Training and development

How to establish a professional development programme for public engagement

Man explaining to audience

Table of contents

What you find on this page

1. Overview

How to find help in planning your training offer

2. Top tips

Some tips to get you started

3. Checklist

A checklist to assess your current provision of training and development

4. Inspire me!

A training toolkit and reflective article about lessons learned

5. Useful resources

Practical tools to help you plan your offer


Professional development and training is often seen as a key component for supporting public engagement and culture change. There are a number of challenges to providing effective training but the good news is that there is an abundance of experience to learn from, and this page provides some useful resources and examples to get started.

Top tips

 Training can take many forms

Training doesn’t always have to take the form of a workshop or training session: 1:1 guidance from a public engagement professional is also a valuable learning experience. Learning through peer-to-peer networks is also a form of training. Before you create a new training programme, think about who the training is for and what form they are most likely to respond to. Senior academics, for example, are much more likely to welcome one-to-one support on a research grant than attending a generic workshop on writing public engagement into research grants. In comparison PhD students and new PIs are more likely to be looking to upskill through training and workshops.

Be strategic in the training you provide: ask yourself, what will add value to CPD already available? Are there external training and opportunities available to point staff towards? Could you share training with other groups or institutions?

 Training to consider for all staff:

  • Why do public engagement?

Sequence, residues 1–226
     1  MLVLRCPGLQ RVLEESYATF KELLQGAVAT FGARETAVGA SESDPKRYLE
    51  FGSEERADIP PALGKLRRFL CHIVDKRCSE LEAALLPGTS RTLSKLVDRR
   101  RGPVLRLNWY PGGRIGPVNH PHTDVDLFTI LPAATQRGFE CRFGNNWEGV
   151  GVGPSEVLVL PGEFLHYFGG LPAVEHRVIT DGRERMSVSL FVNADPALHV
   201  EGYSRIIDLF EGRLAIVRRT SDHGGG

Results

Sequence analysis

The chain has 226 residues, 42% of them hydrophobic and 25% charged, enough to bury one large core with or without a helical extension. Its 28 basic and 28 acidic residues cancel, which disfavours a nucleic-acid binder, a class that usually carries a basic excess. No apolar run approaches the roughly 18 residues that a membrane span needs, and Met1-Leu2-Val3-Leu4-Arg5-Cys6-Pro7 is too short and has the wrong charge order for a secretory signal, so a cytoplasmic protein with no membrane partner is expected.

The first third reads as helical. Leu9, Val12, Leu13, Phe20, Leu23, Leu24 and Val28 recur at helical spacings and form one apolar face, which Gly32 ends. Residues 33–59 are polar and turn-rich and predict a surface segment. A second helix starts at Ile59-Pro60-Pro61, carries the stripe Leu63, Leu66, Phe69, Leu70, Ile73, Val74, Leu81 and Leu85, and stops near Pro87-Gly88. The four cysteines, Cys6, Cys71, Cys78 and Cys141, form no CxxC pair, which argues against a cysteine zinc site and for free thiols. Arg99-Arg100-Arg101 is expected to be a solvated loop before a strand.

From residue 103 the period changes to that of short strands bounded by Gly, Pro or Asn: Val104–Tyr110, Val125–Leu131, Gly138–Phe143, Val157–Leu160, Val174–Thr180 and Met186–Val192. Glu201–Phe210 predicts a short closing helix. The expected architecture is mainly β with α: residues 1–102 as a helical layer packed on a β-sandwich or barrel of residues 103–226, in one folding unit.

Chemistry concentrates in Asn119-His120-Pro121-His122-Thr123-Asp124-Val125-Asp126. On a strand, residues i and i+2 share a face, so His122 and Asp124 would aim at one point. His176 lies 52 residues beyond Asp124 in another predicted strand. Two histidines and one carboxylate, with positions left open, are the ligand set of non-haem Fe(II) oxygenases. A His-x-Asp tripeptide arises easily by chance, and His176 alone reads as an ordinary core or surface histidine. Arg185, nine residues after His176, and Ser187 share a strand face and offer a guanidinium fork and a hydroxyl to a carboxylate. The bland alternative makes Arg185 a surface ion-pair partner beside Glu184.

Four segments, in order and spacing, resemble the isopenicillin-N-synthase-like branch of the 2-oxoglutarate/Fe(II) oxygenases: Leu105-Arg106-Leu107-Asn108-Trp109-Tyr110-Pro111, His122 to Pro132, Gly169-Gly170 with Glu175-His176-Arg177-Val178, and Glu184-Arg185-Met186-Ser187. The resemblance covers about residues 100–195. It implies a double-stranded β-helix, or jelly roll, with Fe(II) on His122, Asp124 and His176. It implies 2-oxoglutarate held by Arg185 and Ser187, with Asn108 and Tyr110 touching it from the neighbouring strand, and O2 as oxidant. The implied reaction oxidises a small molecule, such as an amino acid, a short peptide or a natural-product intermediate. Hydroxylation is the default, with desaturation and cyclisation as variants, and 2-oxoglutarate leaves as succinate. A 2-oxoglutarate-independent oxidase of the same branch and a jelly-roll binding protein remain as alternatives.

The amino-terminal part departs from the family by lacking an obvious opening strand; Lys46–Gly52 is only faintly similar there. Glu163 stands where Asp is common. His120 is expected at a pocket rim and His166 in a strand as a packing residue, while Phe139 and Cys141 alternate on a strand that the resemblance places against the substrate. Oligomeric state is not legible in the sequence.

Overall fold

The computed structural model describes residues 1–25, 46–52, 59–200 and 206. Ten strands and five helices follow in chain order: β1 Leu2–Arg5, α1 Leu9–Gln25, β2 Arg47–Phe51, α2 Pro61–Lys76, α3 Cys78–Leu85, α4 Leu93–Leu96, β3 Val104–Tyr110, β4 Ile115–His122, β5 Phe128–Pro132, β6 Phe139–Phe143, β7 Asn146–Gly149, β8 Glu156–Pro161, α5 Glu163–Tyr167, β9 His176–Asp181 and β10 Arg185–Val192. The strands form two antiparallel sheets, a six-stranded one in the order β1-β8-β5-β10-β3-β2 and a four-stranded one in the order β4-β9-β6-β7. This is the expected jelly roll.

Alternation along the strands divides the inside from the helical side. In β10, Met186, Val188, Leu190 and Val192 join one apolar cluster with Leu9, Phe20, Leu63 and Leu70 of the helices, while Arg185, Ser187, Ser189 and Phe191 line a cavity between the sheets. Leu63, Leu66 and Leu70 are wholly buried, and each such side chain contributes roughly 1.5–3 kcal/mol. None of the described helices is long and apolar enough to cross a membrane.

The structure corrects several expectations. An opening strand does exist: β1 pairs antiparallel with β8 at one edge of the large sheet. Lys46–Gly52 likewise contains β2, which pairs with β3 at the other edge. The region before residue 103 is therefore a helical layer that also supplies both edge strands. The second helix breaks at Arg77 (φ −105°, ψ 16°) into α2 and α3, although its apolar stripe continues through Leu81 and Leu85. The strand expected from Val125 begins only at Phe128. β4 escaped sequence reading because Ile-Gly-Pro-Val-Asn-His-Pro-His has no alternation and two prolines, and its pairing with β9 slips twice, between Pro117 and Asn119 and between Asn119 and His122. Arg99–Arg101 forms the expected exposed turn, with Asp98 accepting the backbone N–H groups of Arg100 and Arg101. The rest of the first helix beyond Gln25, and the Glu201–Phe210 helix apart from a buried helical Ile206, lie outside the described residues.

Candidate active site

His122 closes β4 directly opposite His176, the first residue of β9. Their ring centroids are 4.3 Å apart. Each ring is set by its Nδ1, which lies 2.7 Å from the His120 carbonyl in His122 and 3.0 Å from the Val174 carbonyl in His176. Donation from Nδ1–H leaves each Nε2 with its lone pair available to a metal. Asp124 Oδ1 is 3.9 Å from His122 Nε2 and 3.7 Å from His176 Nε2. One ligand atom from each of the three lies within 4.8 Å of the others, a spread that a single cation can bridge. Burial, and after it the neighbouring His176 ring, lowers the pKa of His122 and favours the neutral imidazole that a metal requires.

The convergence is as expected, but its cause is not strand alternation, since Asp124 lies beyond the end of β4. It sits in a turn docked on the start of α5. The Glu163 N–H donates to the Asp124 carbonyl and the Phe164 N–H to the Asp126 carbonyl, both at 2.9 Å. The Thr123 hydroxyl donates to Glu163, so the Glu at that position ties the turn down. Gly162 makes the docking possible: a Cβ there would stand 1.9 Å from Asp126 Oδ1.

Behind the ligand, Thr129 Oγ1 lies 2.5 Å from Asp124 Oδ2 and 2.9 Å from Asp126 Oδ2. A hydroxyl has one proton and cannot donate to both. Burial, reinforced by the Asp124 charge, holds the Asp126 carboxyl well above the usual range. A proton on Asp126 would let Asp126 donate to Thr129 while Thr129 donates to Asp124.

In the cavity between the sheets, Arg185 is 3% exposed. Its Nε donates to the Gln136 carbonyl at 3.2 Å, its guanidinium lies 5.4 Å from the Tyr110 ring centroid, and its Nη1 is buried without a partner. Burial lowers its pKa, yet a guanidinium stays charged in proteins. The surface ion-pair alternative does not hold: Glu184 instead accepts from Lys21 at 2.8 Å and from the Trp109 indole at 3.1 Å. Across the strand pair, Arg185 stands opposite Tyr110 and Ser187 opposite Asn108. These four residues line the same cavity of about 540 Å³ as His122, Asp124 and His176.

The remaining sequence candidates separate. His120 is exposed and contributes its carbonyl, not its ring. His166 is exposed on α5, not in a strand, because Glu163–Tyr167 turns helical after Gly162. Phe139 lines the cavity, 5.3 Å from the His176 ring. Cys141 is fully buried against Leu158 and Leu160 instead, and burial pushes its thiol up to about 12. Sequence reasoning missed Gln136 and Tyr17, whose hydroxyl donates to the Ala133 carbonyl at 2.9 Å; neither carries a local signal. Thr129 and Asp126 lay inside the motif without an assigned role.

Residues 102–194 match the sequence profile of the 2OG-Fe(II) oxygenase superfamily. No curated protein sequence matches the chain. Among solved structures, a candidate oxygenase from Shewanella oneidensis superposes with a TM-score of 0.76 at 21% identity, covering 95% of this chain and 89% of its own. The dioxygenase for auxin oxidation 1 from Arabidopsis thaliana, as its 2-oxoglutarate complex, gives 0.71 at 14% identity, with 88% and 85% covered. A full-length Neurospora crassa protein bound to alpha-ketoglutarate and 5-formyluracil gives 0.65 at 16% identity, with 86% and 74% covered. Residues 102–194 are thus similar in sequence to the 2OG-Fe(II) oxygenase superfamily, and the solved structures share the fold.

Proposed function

• Identifying your audience and adapting activities to suit them.
  • An overview of the different methods for public engagement.
  • An introduction to evaluation, its importance, and how to incorporate evaluation into activities.

 Potentially valuable topics for staff related to public engagement:

  • Ethical research and addressing ethical issues with public engagement.
  • Presentation skills.
  • Narrative skills and storytelling.

 Specific skills staff might seek out when conducting or planning public engagement:

  • Working with patients and communities.
  • Facilitation skills.
  • Using participatory art.
  • Building successful collaborations.
  • Working with museums.
  • Exhibition display/design.
  • Developing workshops/ hands-on activities.
  • Education and working with schools.
  • Audience behaviour management.
  • Performance skills.
  • Use of Blogging.
  • Use of Social Media.


Here is a checklist you might use to assess your current provision of training and development, and what might be missing:

Opportunities for developing PE skills through training are offered, including evaluation.

Opportunities for developing PE skills through activities are offered, to enable people to practice their skills.

Training is integrated with HR and wider CPD offers.

Public Engagement expertise is available to advise staff and students.

Peer-to-peer networks exist for staff to support each other’s PE practice.

Mentoring opportunities for PE are available to staff.

Staff and students have access to tools, guides and resources to support PE activity.

Inspire me!

Useful resources